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What happens next?

With all the attention to the fate of John Boehner’s debt-ceiling bill — see John Hinderaker, Charles Krauthammer Jennifer Rubin, and the wall-to-wall coverage at NRO — I wonder what happens next.

No one argues that the Boehner bill can pass the Senate, where Harry Reid is playing Dingy Harry, or that a Reid/Democratic bill can pass the House. Those of us who hope for passage of the Boehner bill instead seem to seek passage to divert blame from Republicans for the failure to raise the debt ceiling by August 2.

Putting the allocation of blame to one side, the question remains. What happens next? If Boehner’s bill passes the House today, I assume it will die in the Senate. If it were to pass the Senate, Obama might have to live with it. But it won’t make it out of the Senate

I started writing the Minnesota budget battle series of posts because I thought the battle foreshadowed the debt ceiling debate. So far it has done so in ways that have surpassed my expectations, with Obama (like Minnesota Governor Mark Dayton) inducing the current stalemate by demanding tax increases as the price of a deal.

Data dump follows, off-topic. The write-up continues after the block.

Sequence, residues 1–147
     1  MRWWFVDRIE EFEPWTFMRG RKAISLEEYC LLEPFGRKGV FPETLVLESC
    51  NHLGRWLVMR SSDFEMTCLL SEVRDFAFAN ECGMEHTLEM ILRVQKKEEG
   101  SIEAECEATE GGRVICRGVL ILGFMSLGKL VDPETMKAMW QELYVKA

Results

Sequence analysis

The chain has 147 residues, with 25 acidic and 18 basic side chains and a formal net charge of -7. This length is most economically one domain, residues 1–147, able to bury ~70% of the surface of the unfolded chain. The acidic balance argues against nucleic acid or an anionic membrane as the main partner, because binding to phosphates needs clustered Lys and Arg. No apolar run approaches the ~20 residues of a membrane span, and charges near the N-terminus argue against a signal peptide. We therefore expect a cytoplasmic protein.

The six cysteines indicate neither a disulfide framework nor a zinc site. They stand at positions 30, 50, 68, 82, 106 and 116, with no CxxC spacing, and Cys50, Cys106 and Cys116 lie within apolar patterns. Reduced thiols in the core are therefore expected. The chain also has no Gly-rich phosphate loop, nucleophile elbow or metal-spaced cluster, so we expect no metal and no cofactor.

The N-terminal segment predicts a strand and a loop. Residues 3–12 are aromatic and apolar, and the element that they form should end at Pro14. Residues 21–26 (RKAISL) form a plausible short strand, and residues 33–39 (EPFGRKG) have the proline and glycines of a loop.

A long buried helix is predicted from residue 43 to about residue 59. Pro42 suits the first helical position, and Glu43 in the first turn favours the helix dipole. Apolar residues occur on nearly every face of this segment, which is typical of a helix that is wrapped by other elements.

In Minnesota the stalemate led to a shutdown. Suppose they threw a shutdown and nobody noticed? That was the situation until the nonrenewal of liquor licenses threatened to turn the state dry. Miller and Coors announced that they would begin pulling some of their brands from bars and liquor store shelves because their brand licenses had expired. John declared: “Now it’s getting serious!” Governor Dayton caved in short order.

In retrospect, I have slightly greater respect for Governor Dayton than I did at the time he induced the shutdown. He is a frank advocate of higher income taxes. No one on either side of the debate could mistake the reason for the shutdown. By contrast, Obama cloaks his class warfare in euphemisms and counts on the media to cover for him.

In Minnesota, we had lived through a brief shutdown in 2005 and we knew, the Star Tribune to the contrary notwithstanding, that it would do no serious damage. The same can’t quite be said of reaching the federal debt limit on August 2, but what is the way out? Something’s gotta give, unless it doesn’t.

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